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Niels Bohr and the Quantum AtomThe Bohr Model of Atomic Structure 1913–1925$
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Helge Kragh

Print publication date: 2012

Print ISBN-13: 9780199654987

Published to Oxford Scholarship Online: May 2012

DOI: 10.1093/acprof:oso/9780199654987.001.0001

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A Magic Wand

A Magic Wand

Chapter:
(p.189) 5 A Magic Wand
Source:
Niels Bohr and the Quantum Atom
Author(s):

Helge Kragh

Publisher:
Oxford University Press
DOI:10.1093/acprof:oso/9780199654987.003.0005

In a major work of 1918 (‘On the quantum theory of line-spectra’) Bohr reconsidered the general principles of quantum and atomic theory. Apart from reinterpreting his original theory, he introduced the correspondence principle as a crucial connection between quantum and classical physics. What was the nature of this principle and what role did it play in the understanding of atomic structure? In applying the new principle, Bohr and his assistant H. A. Kramers relied on Einstein’s radiation theory. Bohr used the correspondence principle as a selection principle, and Kramers showed how it could account quantitatively for the Stark effect. However, not all physicists appreciated the Copenhagen ‘magic wand’ and Bohr’s use of it. Sommerfeld was the most prominent of the sceptics, but not the only one. The chapter also briefly considers the role of the correspondence principle in the early phase of the new quantum mechanics.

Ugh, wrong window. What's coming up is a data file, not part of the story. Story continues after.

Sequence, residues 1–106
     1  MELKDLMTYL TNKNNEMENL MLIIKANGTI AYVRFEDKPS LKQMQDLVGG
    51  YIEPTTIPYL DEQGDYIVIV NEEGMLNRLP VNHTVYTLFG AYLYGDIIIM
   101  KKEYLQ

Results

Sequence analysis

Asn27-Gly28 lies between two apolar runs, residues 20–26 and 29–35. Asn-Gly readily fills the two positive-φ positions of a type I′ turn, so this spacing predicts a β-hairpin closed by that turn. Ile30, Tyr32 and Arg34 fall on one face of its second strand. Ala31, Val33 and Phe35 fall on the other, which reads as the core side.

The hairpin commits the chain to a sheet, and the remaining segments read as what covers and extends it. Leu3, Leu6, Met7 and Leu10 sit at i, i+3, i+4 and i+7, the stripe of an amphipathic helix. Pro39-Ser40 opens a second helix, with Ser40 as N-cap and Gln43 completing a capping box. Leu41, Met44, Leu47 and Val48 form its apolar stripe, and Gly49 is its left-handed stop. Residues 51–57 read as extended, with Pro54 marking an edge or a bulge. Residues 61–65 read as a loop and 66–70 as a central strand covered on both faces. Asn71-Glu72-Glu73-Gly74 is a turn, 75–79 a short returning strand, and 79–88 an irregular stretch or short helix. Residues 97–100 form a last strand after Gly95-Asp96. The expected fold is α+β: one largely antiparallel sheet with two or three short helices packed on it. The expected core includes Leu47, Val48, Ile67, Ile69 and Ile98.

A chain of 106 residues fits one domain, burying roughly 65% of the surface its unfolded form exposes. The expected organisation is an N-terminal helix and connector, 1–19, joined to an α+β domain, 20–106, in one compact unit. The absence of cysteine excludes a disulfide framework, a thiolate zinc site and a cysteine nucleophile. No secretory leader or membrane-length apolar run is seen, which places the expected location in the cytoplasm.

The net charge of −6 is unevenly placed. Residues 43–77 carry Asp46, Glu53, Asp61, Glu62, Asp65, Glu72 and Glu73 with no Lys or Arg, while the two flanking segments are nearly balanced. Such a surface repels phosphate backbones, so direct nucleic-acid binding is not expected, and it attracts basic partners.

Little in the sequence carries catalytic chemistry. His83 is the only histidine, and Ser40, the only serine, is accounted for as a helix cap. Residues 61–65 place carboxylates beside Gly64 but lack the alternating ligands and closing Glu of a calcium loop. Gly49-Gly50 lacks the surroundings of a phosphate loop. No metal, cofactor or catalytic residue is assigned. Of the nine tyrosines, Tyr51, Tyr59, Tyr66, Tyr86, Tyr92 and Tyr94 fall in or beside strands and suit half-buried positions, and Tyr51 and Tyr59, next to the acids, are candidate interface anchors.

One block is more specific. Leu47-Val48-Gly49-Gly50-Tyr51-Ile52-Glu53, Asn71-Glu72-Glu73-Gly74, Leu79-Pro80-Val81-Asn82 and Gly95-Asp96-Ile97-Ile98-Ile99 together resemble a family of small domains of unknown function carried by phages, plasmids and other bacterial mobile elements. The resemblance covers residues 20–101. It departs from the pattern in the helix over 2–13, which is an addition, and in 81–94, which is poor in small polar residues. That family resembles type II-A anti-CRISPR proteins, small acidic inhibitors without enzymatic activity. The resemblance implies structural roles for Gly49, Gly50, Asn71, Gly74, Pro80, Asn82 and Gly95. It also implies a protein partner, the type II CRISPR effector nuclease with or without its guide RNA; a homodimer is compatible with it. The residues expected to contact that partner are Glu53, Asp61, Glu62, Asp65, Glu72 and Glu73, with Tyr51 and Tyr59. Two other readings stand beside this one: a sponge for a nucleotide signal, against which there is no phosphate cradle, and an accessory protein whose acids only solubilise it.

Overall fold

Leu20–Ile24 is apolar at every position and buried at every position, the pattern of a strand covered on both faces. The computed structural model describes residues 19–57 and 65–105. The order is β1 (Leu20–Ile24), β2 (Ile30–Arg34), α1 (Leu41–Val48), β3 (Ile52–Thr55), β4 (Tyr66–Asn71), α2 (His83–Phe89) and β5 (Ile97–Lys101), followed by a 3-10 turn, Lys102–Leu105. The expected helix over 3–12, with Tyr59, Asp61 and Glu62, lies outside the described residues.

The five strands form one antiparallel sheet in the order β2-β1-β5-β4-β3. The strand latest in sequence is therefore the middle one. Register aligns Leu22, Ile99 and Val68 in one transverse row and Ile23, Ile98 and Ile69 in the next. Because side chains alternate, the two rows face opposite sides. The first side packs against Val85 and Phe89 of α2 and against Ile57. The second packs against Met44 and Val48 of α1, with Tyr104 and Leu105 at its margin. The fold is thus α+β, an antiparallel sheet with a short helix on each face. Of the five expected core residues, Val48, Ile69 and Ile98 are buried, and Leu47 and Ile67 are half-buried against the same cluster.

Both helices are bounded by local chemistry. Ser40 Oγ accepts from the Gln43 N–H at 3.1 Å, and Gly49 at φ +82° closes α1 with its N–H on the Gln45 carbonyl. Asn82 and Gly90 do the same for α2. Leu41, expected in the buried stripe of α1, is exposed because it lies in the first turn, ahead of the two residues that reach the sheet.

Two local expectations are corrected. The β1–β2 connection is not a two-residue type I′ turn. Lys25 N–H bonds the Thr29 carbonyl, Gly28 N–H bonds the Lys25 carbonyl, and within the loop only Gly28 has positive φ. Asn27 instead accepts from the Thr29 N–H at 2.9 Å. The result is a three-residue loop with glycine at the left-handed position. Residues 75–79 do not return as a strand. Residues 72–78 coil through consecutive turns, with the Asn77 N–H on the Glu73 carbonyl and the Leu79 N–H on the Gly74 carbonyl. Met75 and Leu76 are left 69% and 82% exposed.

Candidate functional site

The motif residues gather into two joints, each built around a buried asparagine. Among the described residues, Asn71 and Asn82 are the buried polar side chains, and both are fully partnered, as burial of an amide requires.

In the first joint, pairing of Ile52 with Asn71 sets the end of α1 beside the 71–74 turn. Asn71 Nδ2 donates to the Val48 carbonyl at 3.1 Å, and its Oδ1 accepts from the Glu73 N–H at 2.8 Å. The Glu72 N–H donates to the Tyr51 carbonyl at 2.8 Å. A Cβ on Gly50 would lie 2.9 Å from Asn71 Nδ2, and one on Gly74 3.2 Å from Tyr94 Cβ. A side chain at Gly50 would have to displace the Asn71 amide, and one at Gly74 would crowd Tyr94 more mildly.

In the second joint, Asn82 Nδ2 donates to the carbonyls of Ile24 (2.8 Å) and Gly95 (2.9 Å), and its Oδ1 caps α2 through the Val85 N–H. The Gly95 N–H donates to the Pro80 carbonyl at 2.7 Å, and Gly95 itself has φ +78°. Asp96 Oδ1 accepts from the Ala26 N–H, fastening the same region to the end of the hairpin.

Keywords:   correspondence principle, quantum theory, atomic structure, Stark effect, quantum mechanics, quantum physics, Albert Einstein, Hendrik Kramers, radiation theory

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